In the absence of Premier League and Championship football this weekend – due to the now dreaded international break – Non League Day 2017 gives you the chance to attend a game and to lend your support to your local non-league club and the grassroots game.
Established by James Doe in 2010 as a kind of social media experiment, Non League Day has blossomed in a way that was entirely unexpected – and is now backed by Premier League clubs and various charities.
Non League Football Needs Your Support
Non League Day is, of course, scheduled to coincide with the international break, and it promotes the importance of affordable grassroots football. Match-going fans who support Premier League and Championship clubs now almost uniformly dread the international break. No game to go to, often stultifyingly dull international games on the box instead – and a gaping hole in your weekend.
The football pyramid is propped up by the grassroots foundations of the non-league, and it needs support. It’s all too easy to be snobby and dismissive about non-league, but attending a game can be a hugely refreshing alternative to the kind of watered down experience we sometimes get in the all-seater stadia at the top end of the game.
Non league football is somehow simultaneously both a throwback and an insight into something more pure and civilised – capturing the raw essence of ‘real football’. You can get a beer at most non league grounds, you’re pitchside and you can stand anywhere in the ground, moving around as you please as the game takes place and getting a different perspective on the game.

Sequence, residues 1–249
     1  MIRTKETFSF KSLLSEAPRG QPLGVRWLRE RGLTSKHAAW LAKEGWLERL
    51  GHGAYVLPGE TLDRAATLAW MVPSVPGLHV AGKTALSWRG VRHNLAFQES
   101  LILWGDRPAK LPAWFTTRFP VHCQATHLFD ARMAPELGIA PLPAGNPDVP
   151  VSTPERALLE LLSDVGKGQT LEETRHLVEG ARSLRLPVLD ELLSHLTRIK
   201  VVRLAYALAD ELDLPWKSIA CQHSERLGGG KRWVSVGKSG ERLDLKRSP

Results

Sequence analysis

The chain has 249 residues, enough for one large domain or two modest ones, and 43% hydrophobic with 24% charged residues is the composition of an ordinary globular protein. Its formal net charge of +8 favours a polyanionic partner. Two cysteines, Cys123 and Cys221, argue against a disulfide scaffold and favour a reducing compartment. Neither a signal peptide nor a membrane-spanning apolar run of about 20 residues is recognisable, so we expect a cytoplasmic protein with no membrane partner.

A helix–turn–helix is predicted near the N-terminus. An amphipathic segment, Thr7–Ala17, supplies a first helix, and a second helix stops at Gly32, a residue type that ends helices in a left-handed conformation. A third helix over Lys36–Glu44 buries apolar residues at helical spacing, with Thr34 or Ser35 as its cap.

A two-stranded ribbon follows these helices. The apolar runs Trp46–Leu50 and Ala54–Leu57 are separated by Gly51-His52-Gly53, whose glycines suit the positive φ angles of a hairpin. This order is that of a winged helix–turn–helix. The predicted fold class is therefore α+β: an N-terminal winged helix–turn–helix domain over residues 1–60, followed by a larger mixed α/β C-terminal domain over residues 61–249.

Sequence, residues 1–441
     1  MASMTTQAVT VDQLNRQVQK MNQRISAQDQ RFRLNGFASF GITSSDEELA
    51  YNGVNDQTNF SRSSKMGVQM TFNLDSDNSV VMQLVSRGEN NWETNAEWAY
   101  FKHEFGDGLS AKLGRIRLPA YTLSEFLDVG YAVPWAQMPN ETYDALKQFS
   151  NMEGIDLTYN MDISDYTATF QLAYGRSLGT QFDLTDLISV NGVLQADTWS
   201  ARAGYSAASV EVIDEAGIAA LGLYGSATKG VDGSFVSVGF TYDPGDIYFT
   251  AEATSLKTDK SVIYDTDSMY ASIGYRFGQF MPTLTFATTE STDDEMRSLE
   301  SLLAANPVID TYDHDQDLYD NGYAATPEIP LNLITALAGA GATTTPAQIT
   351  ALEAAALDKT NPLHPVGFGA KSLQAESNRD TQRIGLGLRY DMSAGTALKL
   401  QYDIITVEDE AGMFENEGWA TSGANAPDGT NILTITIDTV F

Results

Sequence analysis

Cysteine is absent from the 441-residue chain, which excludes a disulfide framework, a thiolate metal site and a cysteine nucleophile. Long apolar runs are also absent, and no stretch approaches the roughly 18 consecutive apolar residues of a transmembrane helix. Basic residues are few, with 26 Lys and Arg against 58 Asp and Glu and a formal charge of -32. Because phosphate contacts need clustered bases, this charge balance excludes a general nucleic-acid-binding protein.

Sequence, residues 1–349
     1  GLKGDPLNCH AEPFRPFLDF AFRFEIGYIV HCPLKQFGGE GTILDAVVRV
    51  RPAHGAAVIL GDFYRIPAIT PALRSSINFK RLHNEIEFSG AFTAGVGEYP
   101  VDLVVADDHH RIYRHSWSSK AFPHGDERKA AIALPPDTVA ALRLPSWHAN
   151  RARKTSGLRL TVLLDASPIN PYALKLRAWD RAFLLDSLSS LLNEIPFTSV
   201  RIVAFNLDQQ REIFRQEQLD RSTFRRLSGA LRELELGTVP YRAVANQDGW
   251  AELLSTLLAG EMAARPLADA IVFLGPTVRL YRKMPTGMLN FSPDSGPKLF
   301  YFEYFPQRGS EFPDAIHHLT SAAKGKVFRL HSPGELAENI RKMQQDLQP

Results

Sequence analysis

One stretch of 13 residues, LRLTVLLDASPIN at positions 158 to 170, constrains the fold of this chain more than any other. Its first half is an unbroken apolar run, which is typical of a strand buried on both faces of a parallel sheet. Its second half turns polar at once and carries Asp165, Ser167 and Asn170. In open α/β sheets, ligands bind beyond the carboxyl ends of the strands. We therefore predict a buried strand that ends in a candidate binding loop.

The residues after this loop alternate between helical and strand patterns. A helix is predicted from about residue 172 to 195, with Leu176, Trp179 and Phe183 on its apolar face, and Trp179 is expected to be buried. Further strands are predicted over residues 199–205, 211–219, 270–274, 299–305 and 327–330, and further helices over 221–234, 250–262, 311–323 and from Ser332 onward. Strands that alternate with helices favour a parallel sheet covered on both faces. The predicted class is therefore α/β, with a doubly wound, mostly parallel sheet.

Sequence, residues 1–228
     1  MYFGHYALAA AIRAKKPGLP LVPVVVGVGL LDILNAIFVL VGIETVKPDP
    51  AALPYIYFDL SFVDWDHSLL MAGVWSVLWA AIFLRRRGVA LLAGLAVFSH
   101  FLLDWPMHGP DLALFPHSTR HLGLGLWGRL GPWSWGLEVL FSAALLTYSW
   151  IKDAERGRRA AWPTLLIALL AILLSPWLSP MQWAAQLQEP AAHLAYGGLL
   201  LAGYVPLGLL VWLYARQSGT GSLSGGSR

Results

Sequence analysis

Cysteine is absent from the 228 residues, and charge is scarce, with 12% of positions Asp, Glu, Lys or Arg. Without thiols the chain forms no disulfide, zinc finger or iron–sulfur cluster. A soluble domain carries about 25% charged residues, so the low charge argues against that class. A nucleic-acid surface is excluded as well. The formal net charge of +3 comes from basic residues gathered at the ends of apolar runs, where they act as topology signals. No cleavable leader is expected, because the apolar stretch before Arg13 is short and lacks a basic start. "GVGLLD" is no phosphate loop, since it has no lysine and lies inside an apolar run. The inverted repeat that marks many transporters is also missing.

To encourage support on the day, lots of clubs offer reduced ticket prices, free entry for kids, while some will even provide other bonuses like free hot dogs and a drink for kids.
Go once and you will almost certainly go again
From a personal perspective, and as someone who until recently had a season ticket at a top Premier League club and still goes to the odd game, attending non-league football in the last 12 months or so has proved a revelation. My own local non-league club is West Didsbury & Chorlton FC, who play their football in the North West Counties Premier League – the eighth tier of English football. Just a fiver to get in and free for kids, it is a delightful experience – reconnecting to a world almost forgotten.
You’re struck by the volunteers who sustain these clubs solely because of their the love of the game and the club. It survives – by the skin of its teeth – entirely because of the commitment of its community, and this engenders a genuinely warm and welcoming atmosphere. The football is pretty good too, the atmosphere is great – a real good laugh – and once you’ve been once the chances are you’ll go again.
The recent BBC documentary about Salford City highlighted everything that is great about non-league football and the family vibe of these clubs. Neville, Giggs and co weren’t the stars of that show – it was the old fella who cut the grass, the women in the burger van, the players and everybody who works their backsides off to keep this wonderful tradition going. It is a world away from the Premier League, and that is its USP.
You can use this match-finder to find your nearest non-league game – have a look and see if your club has any deals and special offers. It’s a great way to affordably take the kids to a live game – and in turn provide much-needed support and remind yourself that football is not a reality TV show.
KUDOS PASSIONATELY SUPPORTS GRASSROOTS FOOTBALL
KUDOS is proud to promote grassroots football, from junior to non-league.
KUDOS SPORTS – A LEADING SUPPLIER OF FOOTBALL KIT FOR WOMEN’S TEAMS
KUDOS proudly supplies custom kit to a range of women’s football clubs across the country – including Carnmoney Ladies FC. We supply custom teamwear that is built for performance and worn with pride.